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Saturday, January 07, 2012

Buy Here Pay Here


From a three-part article in the Los Angeles Times last fall, we learn some interesting things about those buy and drive used car lots we see all over the place:

When the time came, they exchanged the Mitsubishi for a decade-old Mercedes-Benz E-Class with 80,000 miles, three previous owners and a repossession in its past.
At $13,998, the price was about $5,500 above Blue Book. The balance of the old loan was rolled into a new one, also with an interest rate of 25.99%, according to the new contract. Their payments climbed to $498, stretched out into 2014.
By then, the total cost of the Mercedes with interest would be more than $25,000. [Link.]

Your 401k money might even be invested in these car lots:

Loans on decade-old clunkers are being bundled into securities, just as subprime mortgages were a few years ago. In the last two years, investors have bought more than $15 billion in subprime auto securities.
Although they're backed mainly by installment contracts signed by people who can't even qualify for a credit card, most of these bonds have been rated investment grade. Many have received the highest rating: AAA. [Link.]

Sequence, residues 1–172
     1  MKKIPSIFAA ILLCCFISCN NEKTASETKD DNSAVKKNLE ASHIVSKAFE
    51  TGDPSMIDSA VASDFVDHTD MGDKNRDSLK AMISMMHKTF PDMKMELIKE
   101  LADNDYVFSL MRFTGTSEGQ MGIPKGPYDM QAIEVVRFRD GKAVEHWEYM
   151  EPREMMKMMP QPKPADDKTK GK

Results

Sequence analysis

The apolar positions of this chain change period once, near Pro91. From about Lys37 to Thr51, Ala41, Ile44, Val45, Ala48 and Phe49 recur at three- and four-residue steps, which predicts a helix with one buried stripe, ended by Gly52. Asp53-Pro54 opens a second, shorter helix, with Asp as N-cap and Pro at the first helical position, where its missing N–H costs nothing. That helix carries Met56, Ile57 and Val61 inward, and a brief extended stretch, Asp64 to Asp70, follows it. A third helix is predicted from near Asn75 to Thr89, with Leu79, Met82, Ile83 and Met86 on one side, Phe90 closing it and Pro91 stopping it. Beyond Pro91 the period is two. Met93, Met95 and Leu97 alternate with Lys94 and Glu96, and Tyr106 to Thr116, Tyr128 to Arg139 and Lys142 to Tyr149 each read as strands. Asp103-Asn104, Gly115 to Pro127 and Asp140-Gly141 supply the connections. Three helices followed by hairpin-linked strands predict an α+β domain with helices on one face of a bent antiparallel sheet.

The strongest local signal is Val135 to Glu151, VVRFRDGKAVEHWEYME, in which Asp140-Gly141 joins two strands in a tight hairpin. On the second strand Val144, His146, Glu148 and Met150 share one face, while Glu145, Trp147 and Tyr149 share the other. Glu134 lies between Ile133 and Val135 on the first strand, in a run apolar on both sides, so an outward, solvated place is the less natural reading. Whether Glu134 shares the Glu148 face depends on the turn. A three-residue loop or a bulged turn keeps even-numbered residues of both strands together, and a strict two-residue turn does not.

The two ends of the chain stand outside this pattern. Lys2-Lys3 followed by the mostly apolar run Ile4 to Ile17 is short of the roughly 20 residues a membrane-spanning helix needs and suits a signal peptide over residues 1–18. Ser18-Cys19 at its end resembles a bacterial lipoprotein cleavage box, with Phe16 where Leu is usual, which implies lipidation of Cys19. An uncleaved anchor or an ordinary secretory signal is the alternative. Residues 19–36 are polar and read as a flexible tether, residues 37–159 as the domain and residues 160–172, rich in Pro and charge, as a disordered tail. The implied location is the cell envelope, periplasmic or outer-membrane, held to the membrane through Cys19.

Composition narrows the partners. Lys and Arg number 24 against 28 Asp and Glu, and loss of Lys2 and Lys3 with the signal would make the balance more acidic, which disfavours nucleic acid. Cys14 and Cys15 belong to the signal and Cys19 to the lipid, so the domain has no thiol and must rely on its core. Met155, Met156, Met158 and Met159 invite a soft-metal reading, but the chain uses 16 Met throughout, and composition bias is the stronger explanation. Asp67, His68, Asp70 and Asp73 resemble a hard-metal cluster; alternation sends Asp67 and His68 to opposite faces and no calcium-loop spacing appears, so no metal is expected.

While the government will help you buy a house, get an education, and go to the doctor, among other things, it won't help you get a car:

About 1 in 4 needy U.S. families do not have a car, according to the Annie E. Casey Foundation. That's a serious handicap for the millions of Americans who don't have access to robust mass transit.
A nationwide survey of 353 people who bought cars with help from a nonprofit group called Ways to Work found that 72% reported an increase in income. Of those who were on public assistance when they acquired a car, 87% were no longer receiving it a few years later. [Link.]

Even if it's the only way to get to your job. Read the whole thing: Part 1 * Part 2 * Part 3. [Via.]

Photo: Ninth Street (a/k/a Business 55, a/k/a Loop 66).

Posted by Marie at January 7, 2012 8:02 PM


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